applying it to all areas of life. In short, we must develop a comprehensive, Biblical worldview (based on the entire Bible) through which we can interpret all of life — including business, economics, the role of civil government, marriage and family, education, science, art, music, recreation, etc. — from God’s perspective. To settle for anything less than a comprehensive, Christian
worldview is a denial of Christ’s sovereignty or lordship over all areas of life, and a denial that “all the treasures of wisdom and knowledge” can only be found in Jesus Christ (Col 2:3). Furthermore, any lesser goal robs God of the glory due his name. Clearly, to be able to apply the Bible to every area of life and culture will require studying Biblical doctrine.

Obeying the straightforward Biblical commands, such as, “Contend earnestly for the faith which was once for all delivered to the saints” (Jude 3), necessitates the study of theology. How else can one know what constitutes “the faith which was once for all delivered to the saints?” The same could be said of many other verses. Christians are to continue steadfastly in the apostles’ doctrine (Ac 2:42; 2 Tim 3:10) — but what is the apostles’ doctrine? Christ warned the disciples to beware of the corrupting effects of bad doctrine (Mt 16:12; cf. Col 2:20-23; Heb 13:9) — what constitutes bad doctrine?

The church is the depository and guardian of the truth

Scripture refers to “the faith[2] which was once for all delivered to the saints” (Jude 3) as a “deposit” of truth that was “entrusted” to Christ’s Church (1 Tim 1:18; 6:20; 2 Tim 1:14; 2:2; cf. Ro 3:2; 1 Cor 9:17; Gal 2:7; 1 Th 2:4; 1 Tim 1:11; Tit 1:3). God holds the Church responsible to “guard” and to “hold firmly” to this deposit of doctrinal truth (Ac 16:4; 1 Cor 11:2; 15:1; 2 Th 2:15; 1 Tim 6:20; 2 Tim 1:14). To say this is to say that Christianity involves God-revealed truth or doctrine. No true doctrine — no true Christianity! To depart from sound doctrine is to apostatize from “the truth,” i.e., the Christian faith (2 Tim 4:3-4).

Church leaders must give attention to sound doctrine (1 Tim 4:13, 16; Tit 2:1, 7), teaching no other doctrine (1 Tim 1:3; Tit 1:9), for man-made doctrines produce vain worship (Mt 15:9 // Mk 7:7). Those elders who labor hard in the Word and doctrine are to receive greater pay (1 Tim 5:17-18). The Church is commanded to avoid and to excommunicate those who reject sound
doctrine (Ro 16:17; 1 Tim 6:3-5; 2 Th 3:6, 14; 2 Jn 9-10; Rv 2:14-15, 24). Clearly, believing and obeying Biblical doctrine is very important to the Lord.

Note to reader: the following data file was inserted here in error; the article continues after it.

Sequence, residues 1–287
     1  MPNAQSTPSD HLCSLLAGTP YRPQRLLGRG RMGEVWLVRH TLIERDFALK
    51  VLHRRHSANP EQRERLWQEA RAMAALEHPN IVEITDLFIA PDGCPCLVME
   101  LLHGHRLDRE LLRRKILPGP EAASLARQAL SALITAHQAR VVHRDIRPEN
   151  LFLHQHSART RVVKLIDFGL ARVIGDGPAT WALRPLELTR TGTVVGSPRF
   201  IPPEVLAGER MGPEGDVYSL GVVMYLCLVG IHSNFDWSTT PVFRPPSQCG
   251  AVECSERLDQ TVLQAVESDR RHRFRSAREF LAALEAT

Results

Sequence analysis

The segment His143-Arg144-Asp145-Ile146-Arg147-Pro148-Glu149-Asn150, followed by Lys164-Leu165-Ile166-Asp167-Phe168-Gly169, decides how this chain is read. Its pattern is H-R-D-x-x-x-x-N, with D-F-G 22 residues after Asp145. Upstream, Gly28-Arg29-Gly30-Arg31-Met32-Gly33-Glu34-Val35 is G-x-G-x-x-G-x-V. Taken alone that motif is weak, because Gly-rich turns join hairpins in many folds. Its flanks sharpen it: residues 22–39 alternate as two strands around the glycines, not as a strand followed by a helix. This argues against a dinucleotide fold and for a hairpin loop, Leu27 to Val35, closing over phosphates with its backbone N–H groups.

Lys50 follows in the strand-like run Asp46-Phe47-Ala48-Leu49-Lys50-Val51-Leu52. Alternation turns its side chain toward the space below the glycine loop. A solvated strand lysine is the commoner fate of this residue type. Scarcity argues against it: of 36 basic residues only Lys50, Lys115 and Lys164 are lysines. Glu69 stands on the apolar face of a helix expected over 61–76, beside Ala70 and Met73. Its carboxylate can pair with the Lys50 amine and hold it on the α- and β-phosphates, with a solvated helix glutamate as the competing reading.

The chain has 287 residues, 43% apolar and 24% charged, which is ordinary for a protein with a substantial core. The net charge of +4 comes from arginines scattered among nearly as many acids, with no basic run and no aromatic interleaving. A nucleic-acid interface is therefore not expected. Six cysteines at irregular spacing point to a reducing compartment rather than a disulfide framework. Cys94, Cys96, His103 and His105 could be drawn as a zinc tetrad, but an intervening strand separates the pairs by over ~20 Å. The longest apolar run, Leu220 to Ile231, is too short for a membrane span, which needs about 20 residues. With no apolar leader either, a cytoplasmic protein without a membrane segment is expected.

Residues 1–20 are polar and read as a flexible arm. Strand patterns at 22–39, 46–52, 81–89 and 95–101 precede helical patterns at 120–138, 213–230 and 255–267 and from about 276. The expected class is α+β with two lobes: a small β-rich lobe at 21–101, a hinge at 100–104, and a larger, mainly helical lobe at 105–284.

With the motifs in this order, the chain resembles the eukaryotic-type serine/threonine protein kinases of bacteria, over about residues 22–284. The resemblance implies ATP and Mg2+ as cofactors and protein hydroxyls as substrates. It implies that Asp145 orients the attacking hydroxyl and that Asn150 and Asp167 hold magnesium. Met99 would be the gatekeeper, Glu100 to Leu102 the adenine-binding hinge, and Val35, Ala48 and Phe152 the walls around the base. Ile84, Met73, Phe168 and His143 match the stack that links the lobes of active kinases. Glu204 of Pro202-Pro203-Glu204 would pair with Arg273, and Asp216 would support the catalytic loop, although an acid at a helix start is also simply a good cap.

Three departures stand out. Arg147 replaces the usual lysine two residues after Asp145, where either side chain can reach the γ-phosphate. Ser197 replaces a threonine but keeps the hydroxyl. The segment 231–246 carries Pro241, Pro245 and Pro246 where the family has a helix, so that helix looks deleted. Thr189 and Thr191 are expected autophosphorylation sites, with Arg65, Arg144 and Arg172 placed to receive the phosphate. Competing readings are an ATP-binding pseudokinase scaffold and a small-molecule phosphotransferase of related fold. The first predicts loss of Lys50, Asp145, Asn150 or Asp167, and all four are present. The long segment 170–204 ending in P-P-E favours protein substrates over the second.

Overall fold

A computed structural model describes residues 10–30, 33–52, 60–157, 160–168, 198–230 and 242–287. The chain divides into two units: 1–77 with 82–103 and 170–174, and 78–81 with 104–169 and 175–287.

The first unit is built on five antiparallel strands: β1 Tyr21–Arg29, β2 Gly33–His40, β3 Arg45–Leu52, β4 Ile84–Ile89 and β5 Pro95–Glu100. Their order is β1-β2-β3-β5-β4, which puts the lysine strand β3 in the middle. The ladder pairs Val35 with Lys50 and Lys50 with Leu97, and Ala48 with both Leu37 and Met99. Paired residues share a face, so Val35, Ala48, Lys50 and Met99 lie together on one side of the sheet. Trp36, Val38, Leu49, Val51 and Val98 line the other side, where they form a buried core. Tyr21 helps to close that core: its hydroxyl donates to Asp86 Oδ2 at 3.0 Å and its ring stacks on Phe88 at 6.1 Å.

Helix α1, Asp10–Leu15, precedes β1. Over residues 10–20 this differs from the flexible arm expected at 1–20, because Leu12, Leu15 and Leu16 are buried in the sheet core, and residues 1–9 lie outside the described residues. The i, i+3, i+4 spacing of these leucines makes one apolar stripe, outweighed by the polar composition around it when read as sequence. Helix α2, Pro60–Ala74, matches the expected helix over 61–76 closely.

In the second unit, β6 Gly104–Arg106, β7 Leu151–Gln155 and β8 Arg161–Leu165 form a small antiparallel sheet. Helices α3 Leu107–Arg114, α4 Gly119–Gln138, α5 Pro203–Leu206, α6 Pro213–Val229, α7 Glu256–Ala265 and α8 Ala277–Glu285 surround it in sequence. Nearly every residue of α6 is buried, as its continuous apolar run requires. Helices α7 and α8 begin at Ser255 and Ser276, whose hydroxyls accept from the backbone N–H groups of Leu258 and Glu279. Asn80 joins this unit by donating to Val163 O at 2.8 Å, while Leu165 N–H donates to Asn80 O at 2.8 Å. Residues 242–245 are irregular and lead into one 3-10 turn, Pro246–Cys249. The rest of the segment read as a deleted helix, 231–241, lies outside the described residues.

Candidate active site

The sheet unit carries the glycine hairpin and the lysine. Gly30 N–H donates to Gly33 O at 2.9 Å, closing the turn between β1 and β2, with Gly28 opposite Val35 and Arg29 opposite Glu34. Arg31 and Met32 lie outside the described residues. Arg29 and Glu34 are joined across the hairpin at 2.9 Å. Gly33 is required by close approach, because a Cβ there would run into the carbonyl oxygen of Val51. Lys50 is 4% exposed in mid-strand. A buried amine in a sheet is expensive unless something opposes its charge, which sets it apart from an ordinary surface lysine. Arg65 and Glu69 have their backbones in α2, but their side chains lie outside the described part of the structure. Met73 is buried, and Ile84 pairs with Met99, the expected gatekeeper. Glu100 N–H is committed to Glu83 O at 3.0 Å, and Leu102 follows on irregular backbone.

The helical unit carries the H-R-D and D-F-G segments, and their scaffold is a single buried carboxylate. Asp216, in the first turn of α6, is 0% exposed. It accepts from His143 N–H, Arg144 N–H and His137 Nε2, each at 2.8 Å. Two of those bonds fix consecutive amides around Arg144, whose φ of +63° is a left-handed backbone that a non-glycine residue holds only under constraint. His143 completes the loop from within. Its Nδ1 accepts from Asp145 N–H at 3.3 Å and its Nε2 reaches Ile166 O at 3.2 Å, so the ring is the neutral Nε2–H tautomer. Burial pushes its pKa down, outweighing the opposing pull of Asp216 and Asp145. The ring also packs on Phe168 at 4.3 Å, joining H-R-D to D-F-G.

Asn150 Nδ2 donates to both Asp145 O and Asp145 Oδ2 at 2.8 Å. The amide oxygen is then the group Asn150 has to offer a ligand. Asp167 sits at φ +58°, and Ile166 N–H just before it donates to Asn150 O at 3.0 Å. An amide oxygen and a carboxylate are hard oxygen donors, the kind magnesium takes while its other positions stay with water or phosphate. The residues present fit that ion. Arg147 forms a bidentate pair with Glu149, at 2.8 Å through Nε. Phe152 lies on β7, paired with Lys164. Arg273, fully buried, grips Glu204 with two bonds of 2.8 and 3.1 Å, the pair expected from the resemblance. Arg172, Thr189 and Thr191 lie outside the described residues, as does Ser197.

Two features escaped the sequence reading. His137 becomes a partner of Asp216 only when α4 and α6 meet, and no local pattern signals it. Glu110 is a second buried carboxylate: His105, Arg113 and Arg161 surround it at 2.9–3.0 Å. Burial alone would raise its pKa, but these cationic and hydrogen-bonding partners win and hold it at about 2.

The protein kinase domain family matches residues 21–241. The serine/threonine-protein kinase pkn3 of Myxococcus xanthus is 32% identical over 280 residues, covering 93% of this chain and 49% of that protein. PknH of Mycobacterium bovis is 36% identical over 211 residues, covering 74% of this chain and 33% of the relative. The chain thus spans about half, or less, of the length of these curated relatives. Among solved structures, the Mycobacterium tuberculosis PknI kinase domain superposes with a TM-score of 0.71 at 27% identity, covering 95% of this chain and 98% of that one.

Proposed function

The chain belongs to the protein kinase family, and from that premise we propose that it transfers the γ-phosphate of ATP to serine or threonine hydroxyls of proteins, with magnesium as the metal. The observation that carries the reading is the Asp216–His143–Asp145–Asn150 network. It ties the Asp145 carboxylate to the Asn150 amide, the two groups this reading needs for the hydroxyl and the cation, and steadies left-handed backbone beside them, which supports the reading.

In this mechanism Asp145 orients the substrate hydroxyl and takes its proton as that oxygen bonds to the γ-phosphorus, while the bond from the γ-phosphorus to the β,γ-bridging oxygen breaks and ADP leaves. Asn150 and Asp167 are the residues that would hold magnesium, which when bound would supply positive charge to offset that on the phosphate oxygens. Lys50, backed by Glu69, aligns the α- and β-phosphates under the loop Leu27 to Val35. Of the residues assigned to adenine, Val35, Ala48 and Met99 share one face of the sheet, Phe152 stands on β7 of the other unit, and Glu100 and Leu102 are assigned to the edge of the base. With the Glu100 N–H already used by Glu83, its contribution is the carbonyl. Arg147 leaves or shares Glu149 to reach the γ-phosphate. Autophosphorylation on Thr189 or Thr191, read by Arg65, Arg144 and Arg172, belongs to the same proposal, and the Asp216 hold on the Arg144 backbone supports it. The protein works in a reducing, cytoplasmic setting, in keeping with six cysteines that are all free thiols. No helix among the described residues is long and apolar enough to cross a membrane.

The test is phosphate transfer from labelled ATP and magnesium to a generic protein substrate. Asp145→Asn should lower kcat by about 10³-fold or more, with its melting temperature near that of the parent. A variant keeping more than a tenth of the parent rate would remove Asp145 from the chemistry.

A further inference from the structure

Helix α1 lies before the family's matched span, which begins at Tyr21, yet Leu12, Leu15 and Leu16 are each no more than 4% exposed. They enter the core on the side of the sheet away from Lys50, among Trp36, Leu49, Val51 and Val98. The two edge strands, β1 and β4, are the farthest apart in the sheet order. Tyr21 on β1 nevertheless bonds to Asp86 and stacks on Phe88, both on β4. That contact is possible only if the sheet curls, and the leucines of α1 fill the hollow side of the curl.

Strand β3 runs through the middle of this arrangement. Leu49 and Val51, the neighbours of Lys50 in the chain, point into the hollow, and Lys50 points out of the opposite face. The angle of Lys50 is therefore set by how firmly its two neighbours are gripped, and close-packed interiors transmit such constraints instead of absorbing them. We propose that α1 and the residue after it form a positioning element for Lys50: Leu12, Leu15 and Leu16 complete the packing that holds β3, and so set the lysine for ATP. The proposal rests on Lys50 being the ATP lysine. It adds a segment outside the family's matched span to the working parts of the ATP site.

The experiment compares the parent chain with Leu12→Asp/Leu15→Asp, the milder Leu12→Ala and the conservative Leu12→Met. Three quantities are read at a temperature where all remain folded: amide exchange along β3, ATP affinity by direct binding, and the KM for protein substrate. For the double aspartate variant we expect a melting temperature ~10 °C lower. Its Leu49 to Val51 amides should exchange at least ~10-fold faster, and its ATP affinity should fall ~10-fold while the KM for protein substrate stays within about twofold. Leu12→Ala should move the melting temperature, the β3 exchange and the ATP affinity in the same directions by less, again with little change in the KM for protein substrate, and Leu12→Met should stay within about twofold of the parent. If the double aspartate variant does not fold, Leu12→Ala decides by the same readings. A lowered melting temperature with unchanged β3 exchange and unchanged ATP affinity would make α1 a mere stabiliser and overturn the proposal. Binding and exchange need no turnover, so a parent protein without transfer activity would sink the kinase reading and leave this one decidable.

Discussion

Everyone is a theologian

Where Biblically-sound systematic theology is absent, a vacuum does not remain; unbiblical theology replaces it. Systematic theology cannot be avoided. It is never a question of theology or no theology; it is always a question of what theology — Biblical theology or unbiblical theology. Theology is an inescapable concept! Everyone has a theology (whether good or
bad, consistent or inconsistent). Everyone is a theologian (whether amateur or professional).

To summarize, studying orthodox Christian theology can help
you to:

  • Know and understand God and his purposes better, in order to obey and glorify him
    more fully;
  • Build a Christian worldview through which you can properly interpret all aspects of life and culture, learning to think God’s thoughts after him;
  • Guard the Christian faith that was “once for all delivered to the saints,”
    remaining united with the true church of all ages; and
  • Be protected from false prophets, false teachers, and various forms of satanic deception.

Be faithful soldiers of Christ

The church in America is being torn apart by heresies and unbiblical ethics. The inerrancy of Scripture is considered to be a
non-essential doctrine by many evangelical “scholars” today. In the minds of many, science speaks the authoritative word, so they believe in “theistic evolution” rather than six-day creation. Anti-trinitarian errors are spreading, as are pantheistic nature worship, panentheism, finite godism, Eastern religions, and other forms of mysticism. Self-contradictory pagan psychologies have replaced Biblical counseling in many quarters of evangelicalism. Objective truth is being exchanged for subjectivism,
relativism, and postmodernism. Feminism has infected families, church, and state. Sodomy has come out of the closet and pedophilia is on the horizon — while much of the Evangelical church preaches a “gospel” of love and grace that is devoid of God’s holy and just law. The state is attempting more and more to take over the role of God himself — while pietistic seminary
professors, pastors, and conservative politicians see no Biblical blueprints for society, or relevance for Biblical law. Sadly, these leaders direct us to look to nature and natural law (man’s reason) — not to the Bible — for answers to society’s ills.

More than any other time in American history, this is a day when God’s people need to be equipped with the glorious truths of God’s Word, that they might enter the battle “and having done all to stand” as victor (Eph 6:10-13). God’s truth is marching on, and it will be victorious! But the question is, Will you be faithful in the battle? The charge of that uncompromising Reformer, Martin Luther, still rings out today:

If I profess with the loudest voice and clearest exposition every portion of the truth of God except precisely that little point
which the world and the devil are at that moment attacking, I am not confessing Christ, however boldly I may be professing Christ. Where the battle rages, there the loyalty of the soldier is proved; and to be steady on all the battlefield besides, is mere flight and disgrace if he flinches at that point.

Luther, Calvin, Knox, Edwards, Whitefield, and other heroes of the faith “conquered kingdoms” by preaching “the whole
counsel of God” (Ac 20:27) in the power of the Spirit. They knew the doctrines of Scripture, and they applied them to the issues of their day. By God’s grace, we can do the same today; but this will only happen if we diligently study God’s Word (Biblical doctrine) so we will be “handling accurately the word of truth” (2 Tim 2:15).

This is why we need to study theology!


To be epistemologically self-conscious a person must deliberately choose doctrines, other beliefs, ethics, etc. that are consistent with each another and with the person’s theory of knowledge (i.e., epistemology).

One of the lexical definitions of the Greek word translated “faith” (πίστις) is the content (sum total) of what Christians (must) believe; Christian doctrine (Ro 1:5 nkjv; Gal 1:23; 3:23; 1 Tim 1:19; 4:1, 6; 6:21; 2 Tim 2:18; Tit 1:13; Jude 3) (BDAG, p. 820; L-N, 31:104).


ⓒ Robert E. Fugate, 2001